New Technologies are Giving Robots a Sense of Touch. What’s Next?

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The Sensitive Robot: How Haptic Technology is Closing the Mechanical Gap

One differentiator that’s always separated humans from robots is our ability to touch and feel, but advances in haptic technology are rapidly closing the mechanical gap.


There are surgeons operating on patients right now who can't feel their instruments. Similarly, there are workers in nuclear facilities around the world using remote manipulator arms to handle radioactive materials without a sense of what they're touching. It's an epidemic of numbness that afflicts virtually everyone who performs a manual job with robotic assistance—from bomb disposal experts in Afghanistan to astronauts aboard the International Space Station.

The problem isn't physiological; but rather, mechanical. As robots become increasingly common, particularly in high-stakes and high-risk situations, the benefit of deploying remotely operated surrogates is hitting a functional wall. For the most part, robots can't feel what they touch, forcing their users to rewire their own instincts and replace simple tactile cues—the contours of a wire between two fingertips, for example—with constant visual confirmation. The result is what researchers call “increased cognitive load,” where the operator must actively think about countless minor tasks that should all be effortless. When the clock is ticking on those tasks, such as when a patient is losing blood, or a roadside bomb is about to detonate, the weight of that additional responsibility can become nearly unbearable.

Now, researchers are hoping to lighten that cognitive burden, and possibly make an entire generation of robots more effective, by creating machines that can feel. It's called haptic technology, and it represents one of the most challenging research fields in robotics. But with new sensors and feedback systems finally making it out of the lab, it also happens to be one of the most promising.


Sensory feedback: the thin line between good vibrations and aggravating distractions

At its core, haptics is about machines communicating through touch, whether that means a joystick that grinds to a halt when the manipulator it’s commanding hits an obstacle, or a touch screen that buzzes with each tap on its virtual keyboard. Vibration is the most common form of haptic feedback, and the rattle of an incoming call on a silenced cell phone is its most common application.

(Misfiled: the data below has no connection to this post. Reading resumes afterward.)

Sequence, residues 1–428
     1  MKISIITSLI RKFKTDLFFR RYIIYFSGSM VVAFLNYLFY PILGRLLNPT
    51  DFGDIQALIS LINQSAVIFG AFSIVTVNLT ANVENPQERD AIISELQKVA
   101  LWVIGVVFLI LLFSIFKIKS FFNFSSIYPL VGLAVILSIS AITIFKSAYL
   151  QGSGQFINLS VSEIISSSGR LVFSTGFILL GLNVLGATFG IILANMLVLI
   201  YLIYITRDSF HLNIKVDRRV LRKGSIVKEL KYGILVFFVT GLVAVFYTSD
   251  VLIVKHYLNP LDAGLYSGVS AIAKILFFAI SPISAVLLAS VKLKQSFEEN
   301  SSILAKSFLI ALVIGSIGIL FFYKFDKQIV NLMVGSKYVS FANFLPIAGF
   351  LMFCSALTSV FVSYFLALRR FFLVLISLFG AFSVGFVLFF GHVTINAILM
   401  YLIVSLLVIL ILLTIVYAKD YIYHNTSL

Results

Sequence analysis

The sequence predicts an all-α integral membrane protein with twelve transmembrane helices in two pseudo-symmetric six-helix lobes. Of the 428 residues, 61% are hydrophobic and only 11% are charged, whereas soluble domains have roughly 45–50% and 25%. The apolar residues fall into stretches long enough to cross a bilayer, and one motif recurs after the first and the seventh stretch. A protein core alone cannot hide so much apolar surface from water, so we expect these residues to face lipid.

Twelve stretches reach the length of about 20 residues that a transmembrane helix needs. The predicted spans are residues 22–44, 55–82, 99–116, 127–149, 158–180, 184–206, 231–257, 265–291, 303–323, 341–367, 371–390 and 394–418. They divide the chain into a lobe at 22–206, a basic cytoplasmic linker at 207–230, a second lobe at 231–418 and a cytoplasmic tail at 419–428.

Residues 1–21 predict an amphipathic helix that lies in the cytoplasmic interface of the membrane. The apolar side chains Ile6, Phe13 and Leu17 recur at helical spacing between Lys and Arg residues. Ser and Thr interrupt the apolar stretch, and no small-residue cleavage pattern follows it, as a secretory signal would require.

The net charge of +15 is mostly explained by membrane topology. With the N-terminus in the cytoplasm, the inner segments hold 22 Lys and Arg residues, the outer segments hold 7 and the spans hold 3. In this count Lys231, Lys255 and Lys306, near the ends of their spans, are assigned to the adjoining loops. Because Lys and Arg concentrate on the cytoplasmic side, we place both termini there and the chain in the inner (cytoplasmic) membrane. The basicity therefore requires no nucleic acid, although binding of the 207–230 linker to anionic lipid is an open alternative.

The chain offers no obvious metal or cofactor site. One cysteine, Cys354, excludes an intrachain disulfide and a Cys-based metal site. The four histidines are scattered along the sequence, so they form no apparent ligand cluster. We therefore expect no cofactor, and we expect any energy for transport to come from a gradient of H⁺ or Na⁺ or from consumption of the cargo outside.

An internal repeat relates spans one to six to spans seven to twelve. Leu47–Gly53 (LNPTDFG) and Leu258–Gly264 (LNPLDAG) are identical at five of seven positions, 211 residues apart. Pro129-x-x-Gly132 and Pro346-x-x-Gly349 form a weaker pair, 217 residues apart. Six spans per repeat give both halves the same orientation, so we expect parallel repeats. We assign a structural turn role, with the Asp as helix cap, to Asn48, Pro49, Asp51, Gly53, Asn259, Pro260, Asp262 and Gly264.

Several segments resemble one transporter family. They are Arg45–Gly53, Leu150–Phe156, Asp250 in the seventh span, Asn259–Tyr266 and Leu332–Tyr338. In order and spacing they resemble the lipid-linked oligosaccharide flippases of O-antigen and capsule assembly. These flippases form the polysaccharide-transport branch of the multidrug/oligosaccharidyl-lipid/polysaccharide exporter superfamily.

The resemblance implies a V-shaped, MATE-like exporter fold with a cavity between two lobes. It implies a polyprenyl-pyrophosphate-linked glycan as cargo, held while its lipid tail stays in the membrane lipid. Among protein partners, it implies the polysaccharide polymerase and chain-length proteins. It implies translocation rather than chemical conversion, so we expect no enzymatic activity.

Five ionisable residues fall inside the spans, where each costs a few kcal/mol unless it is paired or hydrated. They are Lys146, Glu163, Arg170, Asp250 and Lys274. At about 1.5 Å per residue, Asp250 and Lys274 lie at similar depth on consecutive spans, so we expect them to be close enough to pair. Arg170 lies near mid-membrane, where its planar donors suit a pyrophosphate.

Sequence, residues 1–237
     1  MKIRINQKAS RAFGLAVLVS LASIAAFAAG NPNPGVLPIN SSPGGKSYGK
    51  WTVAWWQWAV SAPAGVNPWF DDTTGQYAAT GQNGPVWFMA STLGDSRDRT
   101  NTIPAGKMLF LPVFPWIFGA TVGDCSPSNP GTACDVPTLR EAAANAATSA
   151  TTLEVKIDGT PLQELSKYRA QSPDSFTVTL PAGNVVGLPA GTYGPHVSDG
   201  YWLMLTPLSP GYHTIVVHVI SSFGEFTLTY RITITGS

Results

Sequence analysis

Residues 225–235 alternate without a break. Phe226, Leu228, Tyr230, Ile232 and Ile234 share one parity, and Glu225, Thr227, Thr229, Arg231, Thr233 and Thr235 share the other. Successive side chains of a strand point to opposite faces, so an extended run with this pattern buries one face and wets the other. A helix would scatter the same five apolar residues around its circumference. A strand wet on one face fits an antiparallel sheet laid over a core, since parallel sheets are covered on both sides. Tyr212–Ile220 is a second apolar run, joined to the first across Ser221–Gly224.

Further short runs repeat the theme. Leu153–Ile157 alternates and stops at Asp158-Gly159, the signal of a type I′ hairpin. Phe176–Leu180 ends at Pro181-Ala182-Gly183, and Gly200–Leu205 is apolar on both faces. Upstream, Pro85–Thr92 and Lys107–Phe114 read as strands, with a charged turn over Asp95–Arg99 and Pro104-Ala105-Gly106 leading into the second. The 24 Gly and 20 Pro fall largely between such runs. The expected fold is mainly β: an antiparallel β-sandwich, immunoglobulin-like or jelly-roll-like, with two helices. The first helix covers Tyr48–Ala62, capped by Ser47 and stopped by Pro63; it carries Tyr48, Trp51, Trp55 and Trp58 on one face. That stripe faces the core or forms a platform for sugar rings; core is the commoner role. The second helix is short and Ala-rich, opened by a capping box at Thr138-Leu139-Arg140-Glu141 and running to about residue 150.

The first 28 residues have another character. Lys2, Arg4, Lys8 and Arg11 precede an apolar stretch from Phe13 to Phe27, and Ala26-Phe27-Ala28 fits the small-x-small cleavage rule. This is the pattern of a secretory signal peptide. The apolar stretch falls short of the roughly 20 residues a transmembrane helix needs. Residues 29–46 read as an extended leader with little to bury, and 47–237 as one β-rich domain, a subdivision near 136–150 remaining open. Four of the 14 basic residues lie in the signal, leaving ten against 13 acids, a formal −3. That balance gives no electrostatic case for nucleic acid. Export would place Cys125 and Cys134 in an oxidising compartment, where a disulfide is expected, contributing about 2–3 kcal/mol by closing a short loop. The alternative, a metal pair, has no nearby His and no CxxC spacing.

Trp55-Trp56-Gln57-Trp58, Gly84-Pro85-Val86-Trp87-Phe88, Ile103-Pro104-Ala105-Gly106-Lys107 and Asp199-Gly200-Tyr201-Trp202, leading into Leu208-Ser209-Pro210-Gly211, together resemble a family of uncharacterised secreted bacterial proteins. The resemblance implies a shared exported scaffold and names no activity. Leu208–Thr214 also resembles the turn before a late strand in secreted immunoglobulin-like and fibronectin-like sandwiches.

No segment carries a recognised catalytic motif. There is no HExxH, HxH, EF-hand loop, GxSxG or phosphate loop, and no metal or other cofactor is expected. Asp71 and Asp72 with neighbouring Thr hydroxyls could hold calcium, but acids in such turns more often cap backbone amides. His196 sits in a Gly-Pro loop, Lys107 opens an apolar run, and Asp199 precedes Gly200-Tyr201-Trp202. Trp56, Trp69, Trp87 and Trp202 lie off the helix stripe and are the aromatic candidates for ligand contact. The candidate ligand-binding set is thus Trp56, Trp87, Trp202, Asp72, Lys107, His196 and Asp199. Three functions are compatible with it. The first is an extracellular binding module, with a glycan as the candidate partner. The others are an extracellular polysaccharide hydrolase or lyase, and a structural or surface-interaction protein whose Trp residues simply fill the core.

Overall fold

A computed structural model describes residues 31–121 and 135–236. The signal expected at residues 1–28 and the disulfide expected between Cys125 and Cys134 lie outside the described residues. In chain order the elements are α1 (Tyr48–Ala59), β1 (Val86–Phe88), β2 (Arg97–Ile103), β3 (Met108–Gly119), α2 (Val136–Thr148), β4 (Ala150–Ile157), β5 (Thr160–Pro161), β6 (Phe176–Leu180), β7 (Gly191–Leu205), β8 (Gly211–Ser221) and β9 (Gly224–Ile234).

Extending that concept to robotics seems straightforward. When a surgical robot, like Intuitive Surgical's da Vinci system, touches a patient's tissue with its manipulator, why not signal the operator with a mild buzz? “You don't want to put vibration on a surgeon's hand,” says Ken Steinberg, CEO of Massachusetts-based Cambridge Research & Development, which has tested its own haptic device for use with surgical robots. Since their hands already pinch and torque the machine's controls to direct the manipulators inside a patient's body, surgeons have told Steinberg that near-constant vibrations would, at best, be a nuisance; and at worst, a confusing, finger-numbing distraction. “Vibration absolutely does not work with the human body,” says Steinberg. “The nerves lose track of which vibration is stronger and which one is weaker. All it does, over time, is aggravate you.”

Cambridge R&D's solution is less buzz, more nudge. The company recently demonstrated the Neo, a prototype of a linear actuator—a headband-mounted mechanism that moves up and down, rather than with the circular motion typical of most motors. When the da Vinci system's instruments or manipulators make contact with anything, the Neo’s small tactor (a tiny transducer that conveys pressure and vibrations to the user’s skin) pushes against the surgeon's head. The use of the linear actuator allows for adjustments of tactile feedback by minute degrees—from a feathery tickle that reflects a manipulator brushing against tissue, to an unmistakable tap when a suture is pulled taut.

To test the feedback’s effectiveness, one surgeon outfitted with a Neo conducted a simulated operation that required him to grasp a vein—something surgeons typically avoid doing with minimally invasive surgical robots due to the high risk of puncture or damage. “We decided to show how delicately we could grab a simulated vein to demonstrate the minimized level of deflection, or crushing,” says Steinberg. “We blindfolded the surgeon and had him use the robot to grab the vein, which was a straw in this case, and told him to stop the moment he could feel the straw.” When the surgeon felt the straw, the robot stopped almost immediately, providing Steinberg with confirmation that there would not have been any tissue damage or punctures. Considering that the da Vinci's standard feedback is visual-only by way of a 3D high-resolution monitor, it's an impressive glimpse of what transmitted touch has to offer. “This capability costs hundreds of dollars to install, not hundreds of thousands. We think we have a solution for haptics for the next decade,” says Steinberg.

Although Cambridge R&D is hoping to license its technology to companies like Intuitive Surgical, a more traditional form of haptic feedback has already made it into the operating room. The RIO surgical robot, which is used exclusively for hip and knee procedures, is guided by an orthopedic surgeon, but RIO already has a plan in place before the procedure begins—it draws on its own knowledge of the patient based on CT scans conducted ahead of time. So if the human surgeon veers off-target, or applies too much pressure, the RIO applies what Florida-based Mako Surgical calls “tactile feedback.” It's another term for “force feedback,” where the controls actively push back against the user.

Haptics may be more effective if robots are designed to react to tactile feedback autonomously